But the rules about alcohol are just one factor in a college’s atmosphere and reputation. Pennsylvania State University has a fairly strict alcohol policy, including a prohibition in residence halls, yet it is routinely rated as one of the most raucous party schools in the country. Some universities have strong policies but lax enforcement, and at many of them, fraternities own their houses and the land beneath them, putting them out of reach of college policy.
Dartmouth has the advantage that its fraternity houses sit on college property, and geography may provide another advantage. The college’s isolation in west-central New Hampshire means there are few nearby options for off-campus imbibing, and its hometown, Hanover, has a reputation for serious enforcement.
Enforcement is a challenge anywhere, said Mr. Kruger of Naspa, but “on an urban campus, it’s impossible.”
The measures Dr. Hanlon announced Thursday in a speech on campus had been expected and were based largely on the work of a panel he created nine months ago to review campus life.
As of March 30, when the spring term begins, Dartmouth will prohibit any liquor on campus that is 15 percent alcohol — barely more than most wine — or more. Dr. Hanlon said the college would increase penalties for providing alcohol to minors, but the details of that, and the penalties for violating the hard-liquor ban, remain to be worked out.
College officials cited the prevalence of “pregaming,” getting drunk before a party, and conceded that cracking down on such private drinking would be harder than policing parties.
Dartmouth will draft codes of conduct, not only for individual students but also for fraternities and other groups. Dr. Hanlon said that he was not inclined to get rid of Greek organizations, but that they “must and will be held to much higher standards and a far greater level of accountability.”
“Organizations that choose not to fulfill these higher standards will not be a part of our community,” he said. “And if the Greek system as a whole does not engage in meaningful, lasting reform, we will revisit its continuation on our campus.”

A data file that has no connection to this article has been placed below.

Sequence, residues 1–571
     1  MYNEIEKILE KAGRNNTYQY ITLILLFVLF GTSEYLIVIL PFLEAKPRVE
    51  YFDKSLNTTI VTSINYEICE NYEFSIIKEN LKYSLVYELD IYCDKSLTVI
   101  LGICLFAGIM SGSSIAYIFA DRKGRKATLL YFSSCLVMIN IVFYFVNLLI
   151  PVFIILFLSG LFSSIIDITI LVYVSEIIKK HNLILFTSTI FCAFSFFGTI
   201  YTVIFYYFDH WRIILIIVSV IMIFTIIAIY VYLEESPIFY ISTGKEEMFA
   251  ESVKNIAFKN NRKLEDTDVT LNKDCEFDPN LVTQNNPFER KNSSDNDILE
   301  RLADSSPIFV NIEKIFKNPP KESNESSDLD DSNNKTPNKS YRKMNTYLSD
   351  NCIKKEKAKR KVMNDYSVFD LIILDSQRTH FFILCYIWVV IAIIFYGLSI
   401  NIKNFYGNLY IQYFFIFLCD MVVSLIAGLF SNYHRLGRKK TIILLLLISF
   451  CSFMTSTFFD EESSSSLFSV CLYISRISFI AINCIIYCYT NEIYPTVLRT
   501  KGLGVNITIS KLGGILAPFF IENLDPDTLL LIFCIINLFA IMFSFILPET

Greek houses dominate Dartmouth’s social scene. More than half of its students join fraternities and sororities, and other sites for gatherings are limited. Dr. Hanlon said the college would build new spaces for social events, providing an alternative.
He praised the Greek system for the steps it has recently taken — like ending the pledge period in which members are admitted on a probationary basis, which critics say amounts to an invitation to hazing, and requiring each fraternity or sorority house to have active faculty advisers of both sexes. Dr. Hanlon said those changes were now college policy.
Starting in the fall, incoming Dartmouth students will be placed in one of six clusters of dormitories and will stay in their assigned clusters through their college years. Each “residential community” will organize social events and will have some resident faculty members and graduate students. The system, much like those used at Yale, Harvard and elsewhere, is an attempt to foster communal ties.
“I loved the residential life proposals,” said Catherine Donahoe, the social chairwoman of Dartmouth’s Kappa Delta Epsilon sorority. But, like other students, she had conflicting views on hard alcohol, saying that it posed a problem but that she feared a ban would drive it underground.
“If I were to design the policy, it’d be pushing alcohol into the open so that it’s as visible as possible,” she said.